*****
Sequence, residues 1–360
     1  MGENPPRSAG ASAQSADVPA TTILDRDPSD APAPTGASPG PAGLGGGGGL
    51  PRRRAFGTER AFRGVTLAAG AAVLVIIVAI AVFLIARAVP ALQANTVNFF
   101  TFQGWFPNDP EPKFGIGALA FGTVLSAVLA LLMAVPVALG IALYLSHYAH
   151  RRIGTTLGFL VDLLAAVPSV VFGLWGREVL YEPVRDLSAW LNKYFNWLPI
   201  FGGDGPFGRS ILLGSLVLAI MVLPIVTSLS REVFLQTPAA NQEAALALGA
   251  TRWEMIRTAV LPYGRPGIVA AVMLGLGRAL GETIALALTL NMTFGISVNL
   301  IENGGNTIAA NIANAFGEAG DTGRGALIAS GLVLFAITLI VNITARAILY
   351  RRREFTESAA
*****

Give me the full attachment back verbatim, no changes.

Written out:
Sequence, residues 1–360
     1  MGENPPRSAG ASAQSADVPA TTILDRDPSD APAPTGASPG PAGLGGGGGL
    51  PRRRAFGTER AFRGVTLAAG AAVLVIIVAI AVFLIARAVP ALQANTVNFF
   101  TFQGWFPNDP EPKFGIGALA FGTVLSAVLA LLMAVPVALG IALYLSHYAH
   151  RRIGTTLGFL VDLLAAVPSV VFGLWGREVL YEPVRDLSAW LNKYFNWLPI
   201  FGGDGPFGRS ILLGSLVLAI MVLPIVTSLS REVFLQTPAA NQEAALALGA
   251  TRWEMIRTAV LPYGRPGIVA AVMLGLGRAL GETIALALTL NMTFGISVNL
   301  IENGGNTIAA NIANAFGEAG DTGRGALIAS GLVLFAITLI VNITARAILY
   351  RRREFTESAA